Bourse post-doctorale – VH Galbraith Junior Research Fellow (Oxford)

St Hilda’s College Oxford intends to elect a full-time Stipendiary VH Galbraith Junior Research Fellow for a period of three years from 1 October 2020 (or as soon as possible thereafter). The person appointed will be expected to undertake advanced research in Medieval Studies and the Fellowship is open to those who will have completed a PhD/DPhil or who will be near completion at the time of taking up the post.

Applicants may be working on literature of any language in the area of Medieval Studies. The primary duty of the post is to carry out research; in addition to the potential supervision within the Department, the JRF will receive additional academic mentoring by a College Fellow (see http://www.st-hildas.ox.ac.uk/college/academic-staff).

The primary criterion for appointment to the Junior Research Fellowship will be research excellence.

The stipend will start at Grade 7, point 1, which is £32,817 per annum and is pensionable under the Universities Superannuation Scheme.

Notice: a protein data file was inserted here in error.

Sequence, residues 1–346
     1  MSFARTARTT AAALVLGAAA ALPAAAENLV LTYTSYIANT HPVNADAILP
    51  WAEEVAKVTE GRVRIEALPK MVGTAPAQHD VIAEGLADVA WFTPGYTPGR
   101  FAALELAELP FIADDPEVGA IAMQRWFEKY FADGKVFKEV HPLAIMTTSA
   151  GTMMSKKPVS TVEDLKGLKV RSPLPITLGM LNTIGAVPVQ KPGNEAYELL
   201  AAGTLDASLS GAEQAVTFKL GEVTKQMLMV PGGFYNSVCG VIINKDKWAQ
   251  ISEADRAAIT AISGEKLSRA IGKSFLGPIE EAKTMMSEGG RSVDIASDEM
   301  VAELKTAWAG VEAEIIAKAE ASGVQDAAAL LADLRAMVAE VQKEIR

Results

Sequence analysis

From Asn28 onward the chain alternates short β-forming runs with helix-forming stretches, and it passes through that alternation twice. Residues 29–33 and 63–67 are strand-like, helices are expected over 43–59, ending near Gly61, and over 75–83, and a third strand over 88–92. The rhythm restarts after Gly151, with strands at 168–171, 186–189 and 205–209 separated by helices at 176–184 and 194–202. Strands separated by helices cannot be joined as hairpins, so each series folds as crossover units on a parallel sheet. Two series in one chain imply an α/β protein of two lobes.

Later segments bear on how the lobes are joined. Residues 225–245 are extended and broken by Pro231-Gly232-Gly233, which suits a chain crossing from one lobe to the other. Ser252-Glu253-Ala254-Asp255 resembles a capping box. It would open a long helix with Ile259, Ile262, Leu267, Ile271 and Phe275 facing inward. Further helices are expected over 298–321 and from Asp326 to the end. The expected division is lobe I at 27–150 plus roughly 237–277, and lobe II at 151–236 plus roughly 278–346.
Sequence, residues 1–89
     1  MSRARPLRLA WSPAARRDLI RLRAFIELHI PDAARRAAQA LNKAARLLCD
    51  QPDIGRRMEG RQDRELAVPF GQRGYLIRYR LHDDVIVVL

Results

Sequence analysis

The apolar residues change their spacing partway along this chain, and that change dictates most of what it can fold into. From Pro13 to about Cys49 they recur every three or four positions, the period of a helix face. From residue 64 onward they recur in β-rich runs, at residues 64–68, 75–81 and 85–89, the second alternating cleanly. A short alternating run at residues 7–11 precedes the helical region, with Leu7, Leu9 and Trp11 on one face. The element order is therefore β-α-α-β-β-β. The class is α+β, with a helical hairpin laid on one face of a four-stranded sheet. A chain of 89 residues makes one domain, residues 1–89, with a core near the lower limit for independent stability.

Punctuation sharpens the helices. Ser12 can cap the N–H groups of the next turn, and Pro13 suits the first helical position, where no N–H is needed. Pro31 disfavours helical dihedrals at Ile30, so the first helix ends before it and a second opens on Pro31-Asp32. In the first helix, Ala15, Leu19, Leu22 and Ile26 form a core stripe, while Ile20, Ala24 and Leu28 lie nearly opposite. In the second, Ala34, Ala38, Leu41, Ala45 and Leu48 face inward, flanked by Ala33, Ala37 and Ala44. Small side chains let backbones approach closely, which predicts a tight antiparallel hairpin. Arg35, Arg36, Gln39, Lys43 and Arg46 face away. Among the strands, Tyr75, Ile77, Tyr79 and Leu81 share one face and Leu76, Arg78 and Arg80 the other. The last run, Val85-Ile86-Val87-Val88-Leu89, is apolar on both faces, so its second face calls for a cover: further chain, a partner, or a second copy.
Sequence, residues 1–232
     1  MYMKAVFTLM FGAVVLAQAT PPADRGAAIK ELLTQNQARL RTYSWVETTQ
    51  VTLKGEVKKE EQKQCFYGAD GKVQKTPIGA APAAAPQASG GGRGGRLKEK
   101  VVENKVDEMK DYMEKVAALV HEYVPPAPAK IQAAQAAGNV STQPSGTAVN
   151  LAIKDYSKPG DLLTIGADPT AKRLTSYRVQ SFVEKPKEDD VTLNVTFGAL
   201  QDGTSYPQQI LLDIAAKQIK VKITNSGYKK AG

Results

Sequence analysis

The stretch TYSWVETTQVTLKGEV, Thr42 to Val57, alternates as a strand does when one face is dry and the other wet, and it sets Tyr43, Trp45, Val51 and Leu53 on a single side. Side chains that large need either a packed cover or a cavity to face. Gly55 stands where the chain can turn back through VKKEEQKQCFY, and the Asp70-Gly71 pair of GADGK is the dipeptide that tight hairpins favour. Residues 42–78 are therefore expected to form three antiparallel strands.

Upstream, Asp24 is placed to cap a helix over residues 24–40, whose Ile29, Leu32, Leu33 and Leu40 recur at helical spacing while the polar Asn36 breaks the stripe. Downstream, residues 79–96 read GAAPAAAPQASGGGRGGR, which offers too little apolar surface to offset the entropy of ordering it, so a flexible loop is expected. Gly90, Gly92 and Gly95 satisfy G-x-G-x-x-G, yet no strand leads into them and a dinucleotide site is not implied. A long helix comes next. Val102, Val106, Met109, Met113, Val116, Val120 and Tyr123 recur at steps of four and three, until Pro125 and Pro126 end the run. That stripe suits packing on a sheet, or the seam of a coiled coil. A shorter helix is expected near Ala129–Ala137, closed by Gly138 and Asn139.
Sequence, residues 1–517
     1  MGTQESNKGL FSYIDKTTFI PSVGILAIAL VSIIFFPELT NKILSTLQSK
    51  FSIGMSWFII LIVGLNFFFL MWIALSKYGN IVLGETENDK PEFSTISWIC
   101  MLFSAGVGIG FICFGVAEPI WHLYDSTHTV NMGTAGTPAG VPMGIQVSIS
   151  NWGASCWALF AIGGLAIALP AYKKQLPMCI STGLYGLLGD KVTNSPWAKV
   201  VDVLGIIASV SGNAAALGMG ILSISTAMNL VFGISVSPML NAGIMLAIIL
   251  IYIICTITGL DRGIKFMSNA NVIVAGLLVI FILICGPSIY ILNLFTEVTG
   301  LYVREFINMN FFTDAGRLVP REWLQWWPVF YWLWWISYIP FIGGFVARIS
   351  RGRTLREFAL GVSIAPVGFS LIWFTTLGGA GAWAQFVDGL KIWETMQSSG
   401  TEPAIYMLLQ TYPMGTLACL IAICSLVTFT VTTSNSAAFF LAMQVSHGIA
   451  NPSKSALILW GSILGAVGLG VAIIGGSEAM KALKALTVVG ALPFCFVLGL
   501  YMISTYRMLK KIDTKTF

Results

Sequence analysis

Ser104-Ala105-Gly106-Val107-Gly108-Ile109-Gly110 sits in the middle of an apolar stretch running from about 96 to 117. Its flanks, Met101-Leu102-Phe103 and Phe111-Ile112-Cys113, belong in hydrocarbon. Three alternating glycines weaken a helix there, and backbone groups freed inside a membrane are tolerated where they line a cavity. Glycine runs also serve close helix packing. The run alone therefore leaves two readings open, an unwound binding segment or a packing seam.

The Fellow will be provided with use of a shared office in College. Fellows are entitled to free meals, are members of the Senior Common Room, and may apply for research expenses (currently up to £1,800 per annum). They will also be eligible to apply for small project and event grants through the College’s Research Committee.

The deadline for applications is 12 noon on Friday 10 January 2020. Further details, including information on how to apply, may be downloaded from the College website at https://www.sthildas.ox.ac.uk/content/vacancies, or obtained from the Academic Registrar, St Hilda’s College, Oxford OX4 1DY (rebekah.unwin@st-hildas.ox.ac.uk).

Bourse post-doctorale – Durham University

Durham University – Addison Wheeler Fellowships

The Addison Wheeler Fellowships are designed to attract the best early career researchers in the UK, Europe and beyond and across the full spectrum of science, social science, arts and humanities.  Our Fellows will help us build international networks of scholars with a common passion for today’s most important research challenges. I should be most grateful if you could draw this exciting opportunity to the attention of your colleagues.

Three postdoctoral Addison Wheeler Fellowships are available commencing no later than 01 October 2020.  These Fellowships have no residency restrictions.  The closing date for applications is 07 February 2020.  The normal period of the Fellowship will be 3 years with starting salaries in the range £33,797 – £40,322 p.a.  Full details can be found at: www.durham.ac.uk/ias/addisonwheelerfellowships/.